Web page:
BTW, speed-bumps force police, ambulances, and fire engines to slow down also; here in Pinellas county Florida these all are complaining that the bumps have got to go.

    September 11, 2010 at 8:49 pm | Report abuse |
  11. Patrick

    Drivers will quickly become desensitized to such gimmicks and when a situation does end up in front of their windshields they'll think it's just another decal.

    September 11, 2010 at 8:50 pm | Report abuse |
  12. Joel

    The purpose of this is public education, and it appears to be working. The image gets people thinking about traffic safety and their role in it. Is it gimmicky? Yes, but that's the whole point. Gimmicks get attention, and obviously this one has gotten a lot of it. Other than the obvious trolls, everybody who has posted a comment here, regardless of their position, has at least thought about speeding in school zones.

    September 11, 2010 at 8:57 pm | Report abuse |
  13. Chuck

    Instead of a child, why don't we make it of a half naked chick. That way, even if people get used to it, they will still drive slow to get a good look at the half naked chick. Maybe every week they can take off another piece of her cloths like strip poker. It just might work.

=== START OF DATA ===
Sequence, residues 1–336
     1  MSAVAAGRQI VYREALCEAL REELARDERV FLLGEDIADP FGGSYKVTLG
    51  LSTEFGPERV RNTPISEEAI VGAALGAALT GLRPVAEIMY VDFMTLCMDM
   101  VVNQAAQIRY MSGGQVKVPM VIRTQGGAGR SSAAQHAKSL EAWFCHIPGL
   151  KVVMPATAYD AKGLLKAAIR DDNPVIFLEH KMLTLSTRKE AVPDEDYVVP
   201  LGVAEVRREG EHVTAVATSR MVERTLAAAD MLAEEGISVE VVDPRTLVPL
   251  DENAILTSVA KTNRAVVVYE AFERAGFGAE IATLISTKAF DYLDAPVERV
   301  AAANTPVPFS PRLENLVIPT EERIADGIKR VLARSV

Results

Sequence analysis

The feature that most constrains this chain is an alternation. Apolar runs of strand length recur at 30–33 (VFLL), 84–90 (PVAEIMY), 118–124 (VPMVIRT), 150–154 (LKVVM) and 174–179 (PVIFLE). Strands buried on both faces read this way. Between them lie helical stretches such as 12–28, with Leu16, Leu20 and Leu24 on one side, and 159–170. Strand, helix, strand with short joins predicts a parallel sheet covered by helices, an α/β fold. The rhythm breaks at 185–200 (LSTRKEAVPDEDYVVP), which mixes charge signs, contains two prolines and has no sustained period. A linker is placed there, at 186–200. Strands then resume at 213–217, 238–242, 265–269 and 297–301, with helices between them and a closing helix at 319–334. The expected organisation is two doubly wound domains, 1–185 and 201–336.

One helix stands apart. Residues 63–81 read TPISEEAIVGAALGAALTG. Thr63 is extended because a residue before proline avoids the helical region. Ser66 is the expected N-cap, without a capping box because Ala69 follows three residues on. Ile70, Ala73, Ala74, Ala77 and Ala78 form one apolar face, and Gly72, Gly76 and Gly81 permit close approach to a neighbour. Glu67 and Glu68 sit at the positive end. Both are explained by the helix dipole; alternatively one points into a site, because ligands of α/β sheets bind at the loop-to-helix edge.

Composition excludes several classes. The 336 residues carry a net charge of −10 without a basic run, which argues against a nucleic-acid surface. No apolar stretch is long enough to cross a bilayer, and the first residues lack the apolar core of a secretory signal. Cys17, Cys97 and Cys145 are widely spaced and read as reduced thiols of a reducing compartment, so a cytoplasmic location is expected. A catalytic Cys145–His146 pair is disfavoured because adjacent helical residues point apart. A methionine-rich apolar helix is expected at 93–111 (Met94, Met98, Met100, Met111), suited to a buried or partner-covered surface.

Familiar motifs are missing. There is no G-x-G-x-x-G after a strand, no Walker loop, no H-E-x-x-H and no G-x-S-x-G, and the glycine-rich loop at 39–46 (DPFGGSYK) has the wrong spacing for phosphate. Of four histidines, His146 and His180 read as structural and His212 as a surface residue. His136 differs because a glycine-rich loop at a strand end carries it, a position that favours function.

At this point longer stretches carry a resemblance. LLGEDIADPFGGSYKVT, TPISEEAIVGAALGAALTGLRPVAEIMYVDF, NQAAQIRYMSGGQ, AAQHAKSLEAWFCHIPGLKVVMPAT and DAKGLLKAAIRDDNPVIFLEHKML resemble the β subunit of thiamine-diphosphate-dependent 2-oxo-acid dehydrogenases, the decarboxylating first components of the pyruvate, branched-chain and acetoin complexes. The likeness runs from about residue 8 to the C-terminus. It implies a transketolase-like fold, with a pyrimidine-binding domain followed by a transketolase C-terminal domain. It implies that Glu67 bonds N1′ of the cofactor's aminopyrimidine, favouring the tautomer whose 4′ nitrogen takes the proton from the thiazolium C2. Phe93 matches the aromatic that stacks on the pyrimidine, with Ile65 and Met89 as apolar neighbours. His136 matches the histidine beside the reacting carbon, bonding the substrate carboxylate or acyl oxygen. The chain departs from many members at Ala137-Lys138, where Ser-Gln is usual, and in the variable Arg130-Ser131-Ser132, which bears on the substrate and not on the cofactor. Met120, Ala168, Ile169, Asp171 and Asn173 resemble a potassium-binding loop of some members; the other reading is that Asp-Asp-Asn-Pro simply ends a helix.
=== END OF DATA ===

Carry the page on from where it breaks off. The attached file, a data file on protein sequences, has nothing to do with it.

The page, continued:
September 11, 2010 at 8:59 pm | Report abuse |
    • Lorilyn

      Well, you actually have a point there. LOL

      September 11, 2010 at 9:08 pm | Report abuse |
  14. Landaux

    How bout making it a image of your worst enemy. 🙂

    September 11, 2010 at 8:59 pm | Report abuse |
  15. Dave M.

    What happens when people get used to these things? The fact is that self absorbed idiots in a hurry will become complacent, and stop paying attention. I am willing to put money that in the long run it would lead to more kids being hit by cars rather than helping reduce occurances.

    September 11, 2010 at 9:00 pm | Report abuse |